Major League Baseball has rejected the MLBPA’s proposal for a 114-game shortened season and will not send the union a counter-offer, as The Athletic’s Ken Rosenthal first reported on Wednesday:
MLB rejected the union’s proposal for a 114-game season and said it would not send a counter, sources tell The Athletic. The league said it has started talks with owners about playing a shorter season without fans, and that it is ready to discuss additional ideas with the union.— Ken Rosenthal (@Ken_Rosenthal) June 3, 2020
While MLB and the union still have time to come to an agreement, the days are running short if the league wants to complete its previously stated goal of having a second spring training in June and beginning a shortened regular season in early July. Rosenthal reports that the league is still willing to discuss different ideas with the union, but it certainly doesn’t help that the owners seem totally unwilling to pay the players what they’re worth. And the players seemingly aren’t going to back down from their demands for the prorated salaries they previously agreed to, so unless the union is willing to agree to the bizarre 50-game plan the league has discussed, things aren’t looking great at the moment.
The New York Post’s Joel Sherman tweeted Wednesday that he’s heard more pessimism following the latest development in the negotations than at any other point since the season was delayed indefinitely.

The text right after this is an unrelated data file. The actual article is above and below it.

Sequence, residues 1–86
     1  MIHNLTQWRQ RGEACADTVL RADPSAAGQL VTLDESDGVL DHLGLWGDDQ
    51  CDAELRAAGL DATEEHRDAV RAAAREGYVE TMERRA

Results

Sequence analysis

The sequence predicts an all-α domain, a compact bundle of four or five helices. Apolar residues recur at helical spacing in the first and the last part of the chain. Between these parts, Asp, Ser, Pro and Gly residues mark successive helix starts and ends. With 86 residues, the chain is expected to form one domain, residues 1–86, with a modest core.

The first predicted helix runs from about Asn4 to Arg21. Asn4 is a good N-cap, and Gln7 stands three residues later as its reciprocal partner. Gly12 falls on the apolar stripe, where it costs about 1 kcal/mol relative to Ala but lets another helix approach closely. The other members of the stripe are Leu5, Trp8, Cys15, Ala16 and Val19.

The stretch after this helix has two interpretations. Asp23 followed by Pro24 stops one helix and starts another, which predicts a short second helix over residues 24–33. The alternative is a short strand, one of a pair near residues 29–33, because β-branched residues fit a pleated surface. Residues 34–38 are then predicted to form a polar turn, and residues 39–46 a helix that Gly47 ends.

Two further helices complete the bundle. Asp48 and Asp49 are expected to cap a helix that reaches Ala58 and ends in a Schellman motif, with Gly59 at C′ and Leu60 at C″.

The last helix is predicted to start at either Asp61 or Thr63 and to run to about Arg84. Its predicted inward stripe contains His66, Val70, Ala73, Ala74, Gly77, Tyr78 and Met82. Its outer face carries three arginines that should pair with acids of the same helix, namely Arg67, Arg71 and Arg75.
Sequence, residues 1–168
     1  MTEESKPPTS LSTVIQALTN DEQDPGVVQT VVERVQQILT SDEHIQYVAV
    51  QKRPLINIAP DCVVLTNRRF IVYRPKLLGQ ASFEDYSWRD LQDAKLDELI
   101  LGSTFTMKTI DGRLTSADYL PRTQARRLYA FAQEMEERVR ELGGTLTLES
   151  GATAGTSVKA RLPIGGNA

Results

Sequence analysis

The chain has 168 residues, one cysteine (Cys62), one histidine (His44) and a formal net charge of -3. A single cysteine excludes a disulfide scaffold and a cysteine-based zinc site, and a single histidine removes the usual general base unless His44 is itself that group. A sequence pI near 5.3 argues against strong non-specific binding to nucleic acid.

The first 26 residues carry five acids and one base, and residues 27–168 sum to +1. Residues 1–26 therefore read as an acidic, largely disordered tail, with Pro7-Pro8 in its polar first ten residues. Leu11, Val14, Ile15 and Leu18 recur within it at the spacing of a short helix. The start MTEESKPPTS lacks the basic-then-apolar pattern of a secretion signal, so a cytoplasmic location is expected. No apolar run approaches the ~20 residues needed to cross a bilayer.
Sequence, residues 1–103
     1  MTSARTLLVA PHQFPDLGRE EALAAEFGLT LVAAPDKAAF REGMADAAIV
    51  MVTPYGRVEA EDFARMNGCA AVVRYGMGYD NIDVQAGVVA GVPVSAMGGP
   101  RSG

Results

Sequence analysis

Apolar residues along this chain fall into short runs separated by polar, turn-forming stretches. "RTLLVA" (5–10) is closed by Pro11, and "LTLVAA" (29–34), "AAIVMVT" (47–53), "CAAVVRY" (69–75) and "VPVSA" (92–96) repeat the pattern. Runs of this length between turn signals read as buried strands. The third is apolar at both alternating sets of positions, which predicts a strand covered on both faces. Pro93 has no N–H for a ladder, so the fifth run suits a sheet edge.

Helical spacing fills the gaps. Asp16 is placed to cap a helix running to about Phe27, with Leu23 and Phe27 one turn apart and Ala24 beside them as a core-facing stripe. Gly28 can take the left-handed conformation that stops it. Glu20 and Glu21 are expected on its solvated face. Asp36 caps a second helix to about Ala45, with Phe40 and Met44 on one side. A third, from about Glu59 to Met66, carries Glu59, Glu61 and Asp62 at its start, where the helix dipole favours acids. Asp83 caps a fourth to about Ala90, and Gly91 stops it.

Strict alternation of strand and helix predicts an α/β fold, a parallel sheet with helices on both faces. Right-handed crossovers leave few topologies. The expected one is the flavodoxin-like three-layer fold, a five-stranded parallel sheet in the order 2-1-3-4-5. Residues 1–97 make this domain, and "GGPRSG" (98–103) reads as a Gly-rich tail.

I have heard greater pessismism today from folks on both sides about MLB launching a season than at any point. People who previously thought the sides would find a way, now expressing at least greater doubt (often more than that).— Joel Sherman (@Joelsherman1) June 3, 2020
There’s certainly a valid argument to be made that it would be unfair to ask the players and other team personnel to put their health at risk for the entertainment of others. With that said, most fans probably aren’t going to buy into that argument, especially if the NBA and NHL ultimately return this summer and the NFL plays its next season before MLB does. While many Americans’ understanding of labor relations have increased over the last quarter-century and they’ve developed more anger towards 1-percenters such as MLB owners, the overall dysfunction of this whole situation has a chance to drive fans away from the game just like the 1994 strike did. And it’s difficult to imagine a wave of superstars like Mark McGwire, Sammy Sosa, and Ken Griffey Jr. restoring the game to prominence again in a few years if the league takes a year-and-a-half off, so these negotiations definitely figure to have a huge effect on MLB’s future.